July 30, 2013

Numbers put teeth behind the truth about shark attacks

By Juliet Eilperin / The Washington Post

(Continued from page 1)

click image to enlarge

Walter Szulc Jr., in kayak at left, looks back at the dorsal fin of an approaching shark at Nauset Beach in Orleans, Mass., on Cape Cod in July 2012. An unidentified man in the foreground looks toward them. Both men got safely to shore.

The Associated Press / Shelly Negrotti

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Still, there have been nonlethal events. Last month, 63-year-old surf instructor Barbara Corey was bitten off Holden Beach in Brunswick County, N.C., the first mid-Atlantic shark strike this year. Last year there were two, both in North Carolina, where 6-year-old Brooklyn Daniel was struck off Brunswick and 33-year-old Megan Konkler was bitten off Nags Head Beach.

Florida's Brevard and Volusia counties, including tourist hot spots such as New Smyrna Beach, routinely lead the nation in the annual number of shark strikes because they have a huge number of surfers and swimmers and are in the migration routes of blacktip and sandbar sharks. Together they made up 15 of the 53 recorded U.S. attacks last year, though most of these tend to be minor scrapes since the species there are less dangerous than those found in other areas.

Common-sense precautions – avoiding areas where seals congregate, staying close to shore and staying out of the water around dawn and dusk, when sharks tend to be feeding and water visibility is low – are the best ways to avoid coming into a contact with a shark, experts say.

The shark species that pose the greatest risks to humans are great white, tiger, bull and oceanic whitetip sharks. So the regions of the world where some of these sharks swim – including Australia, South Africa and California, where great whites regularly migrate – tend to have more fatalities. Of the seven fatalities last year, according to the International Shark Attack File, three were off South Africa, two of Australia, one off California and one off the French island of Runion in the Indian Ocean. Despite its small size, Runion has emerged as one of the world's deadliest shark sites: a 15-year-old was killed July 15 off a beach where swimming was prohibited, the second Runion death this year and the fifth since 2011.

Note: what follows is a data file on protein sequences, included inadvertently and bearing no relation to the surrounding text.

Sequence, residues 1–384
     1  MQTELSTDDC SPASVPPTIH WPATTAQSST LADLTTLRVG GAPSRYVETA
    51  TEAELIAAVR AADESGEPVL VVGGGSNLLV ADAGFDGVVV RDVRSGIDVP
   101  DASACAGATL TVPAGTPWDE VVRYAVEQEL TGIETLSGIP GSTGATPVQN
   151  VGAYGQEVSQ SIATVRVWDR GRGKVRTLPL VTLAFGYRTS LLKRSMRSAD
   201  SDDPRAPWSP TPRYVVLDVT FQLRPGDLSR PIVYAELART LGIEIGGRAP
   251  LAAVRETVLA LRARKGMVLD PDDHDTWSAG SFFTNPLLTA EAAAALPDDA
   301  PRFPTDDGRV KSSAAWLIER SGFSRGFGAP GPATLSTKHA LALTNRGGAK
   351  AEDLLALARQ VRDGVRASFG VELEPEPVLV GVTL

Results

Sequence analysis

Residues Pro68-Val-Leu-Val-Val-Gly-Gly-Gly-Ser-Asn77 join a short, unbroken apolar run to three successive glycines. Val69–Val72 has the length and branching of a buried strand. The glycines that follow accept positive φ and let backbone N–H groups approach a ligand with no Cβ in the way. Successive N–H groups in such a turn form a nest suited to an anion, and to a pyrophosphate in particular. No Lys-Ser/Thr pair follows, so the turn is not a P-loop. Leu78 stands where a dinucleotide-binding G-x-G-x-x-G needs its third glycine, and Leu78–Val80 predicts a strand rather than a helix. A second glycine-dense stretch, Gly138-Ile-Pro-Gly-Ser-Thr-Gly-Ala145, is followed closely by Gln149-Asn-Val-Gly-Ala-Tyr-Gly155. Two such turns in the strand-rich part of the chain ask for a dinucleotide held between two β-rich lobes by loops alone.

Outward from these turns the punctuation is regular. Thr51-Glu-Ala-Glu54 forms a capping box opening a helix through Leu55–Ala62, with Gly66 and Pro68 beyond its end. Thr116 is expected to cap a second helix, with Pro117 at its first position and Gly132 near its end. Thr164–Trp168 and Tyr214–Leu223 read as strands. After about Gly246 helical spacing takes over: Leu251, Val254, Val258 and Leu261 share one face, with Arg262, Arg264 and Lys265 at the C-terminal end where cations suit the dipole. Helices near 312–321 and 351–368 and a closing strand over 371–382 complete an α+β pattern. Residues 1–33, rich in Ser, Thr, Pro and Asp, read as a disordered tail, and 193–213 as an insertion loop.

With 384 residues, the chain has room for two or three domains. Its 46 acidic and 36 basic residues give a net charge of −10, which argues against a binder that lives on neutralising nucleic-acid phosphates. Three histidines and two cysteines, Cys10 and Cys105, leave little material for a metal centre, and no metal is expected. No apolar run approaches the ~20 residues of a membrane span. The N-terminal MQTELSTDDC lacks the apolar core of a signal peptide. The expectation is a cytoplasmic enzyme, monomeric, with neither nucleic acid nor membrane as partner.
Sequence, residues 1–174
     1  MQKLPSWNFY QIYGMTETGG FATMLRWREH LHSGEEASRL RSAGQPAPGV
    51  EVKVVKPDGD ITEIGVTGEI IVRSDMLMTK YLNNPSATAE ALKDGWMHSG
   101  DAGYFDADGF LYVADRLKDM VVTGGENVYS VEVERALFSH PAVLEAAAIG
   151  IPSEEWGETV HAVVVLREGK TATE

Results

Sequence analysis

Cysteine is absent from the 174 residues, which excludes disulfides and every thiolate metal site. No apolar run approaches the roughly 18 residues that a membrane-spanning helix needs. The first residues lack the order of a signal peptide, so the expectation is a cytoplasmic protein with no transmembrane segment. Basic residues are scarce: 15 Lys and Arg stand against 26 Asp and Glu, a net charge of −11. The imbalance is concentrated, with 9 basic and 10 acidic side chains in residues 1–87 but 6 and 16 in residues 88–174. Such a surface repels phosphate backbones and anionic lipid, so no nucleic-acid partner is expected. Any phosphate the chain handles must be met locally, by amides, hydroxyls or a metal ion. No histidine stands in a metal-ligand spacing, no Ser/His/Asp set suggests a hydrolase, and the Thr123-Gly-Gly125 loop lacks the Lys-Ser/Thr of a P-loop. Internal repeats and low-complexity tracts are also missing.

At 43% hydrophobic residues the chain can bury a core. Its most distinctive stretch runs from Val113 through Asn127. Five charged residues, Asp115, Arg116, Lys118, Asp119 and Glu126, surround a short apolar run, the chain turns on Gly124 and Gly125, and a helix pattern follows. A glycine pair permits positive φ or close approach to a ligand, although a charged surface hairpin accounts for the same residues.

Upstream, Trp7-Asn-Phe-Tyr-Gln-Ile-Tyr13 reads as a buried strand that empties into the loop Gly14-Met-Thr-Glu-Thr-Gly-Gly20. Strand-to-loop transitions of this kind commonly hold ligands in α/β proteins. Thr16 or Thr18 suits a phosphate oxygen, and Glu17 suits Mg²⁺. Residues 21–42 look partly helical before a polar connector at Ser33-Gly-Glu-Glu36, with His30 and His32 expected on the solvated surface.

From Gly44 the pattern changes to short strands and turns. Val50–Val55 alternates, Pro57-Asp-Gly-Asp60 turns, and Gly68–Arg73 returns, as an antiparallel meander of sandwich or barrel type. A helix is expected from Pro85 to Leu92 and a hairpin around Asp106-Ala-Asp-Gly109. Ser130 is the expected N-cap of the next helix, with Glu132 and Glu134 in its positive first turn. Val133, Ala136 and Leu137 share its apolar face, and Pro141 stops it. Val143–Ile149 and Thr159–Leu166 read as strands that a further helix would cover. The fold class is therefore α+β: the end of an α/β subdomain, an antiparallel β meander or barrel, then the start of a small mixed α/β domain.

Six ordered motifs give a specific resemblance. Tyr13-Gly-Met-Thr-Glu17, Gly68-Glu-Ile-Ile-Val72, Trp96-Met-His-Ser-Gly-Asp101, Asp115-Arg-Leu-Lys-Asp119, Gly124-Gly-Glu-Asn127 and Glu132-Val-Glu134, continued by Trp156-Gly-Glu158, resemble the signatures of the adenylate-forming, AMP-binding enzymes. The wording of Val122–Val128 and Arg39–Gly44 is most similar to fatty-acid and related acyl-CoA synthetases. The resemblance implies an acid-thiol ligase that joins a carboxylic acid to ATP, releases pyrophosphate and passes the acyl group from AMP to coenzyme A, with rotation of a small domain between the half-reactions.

Scientists do not know why this number is so high, but George Burgess, director of the International Shark Attack File, said he suspects human factors are playing a role. Island residents have cut back on shark fishing because of concerns over the toxins in shark meat; Burgess said an increase in global tourism means more people who are not familiar with the island are visiting and swimming there. "Now you've got a great rush of people in the water who don't know the area, and don't know the risks," he said.

Christopher Neff, a doctoral candidate at the University of Sydney who researches the human-shark relationship, wrote in an email that humans are becoming more open to protecting sharks in the open ocean even as they're growing more hostile to those near shore. In March, the Convention on International Trade in Endangered Species of Wild Flora and Fauna agreed to impose new rules on the trade in hammerhead, oceanic white tip and porbeagle sharks under which countries would have to prove their catch was sustainable before exporting these fish.

In December, French Polynesia and the Cook Islands joined together to create the world's largest shark sanctuary, emulating small island nations such as Palau and the Maldives in banning all shark fishing in their waters.

But both western Australia and Runion have authorized shark hunts in the wake of deadly strikes there. Neff noted that researchers have become better at tracking sharks' swimming patterns with the use of satellite and radio tagging, but sharing this sort of information "can arouse public anxiety," and it can't prevent some of the inevitable human-shark interactions that arise.

"Anywhere we have a beach, we likely have sharks," he wrote. "The difference is that until now, we didn't know it."

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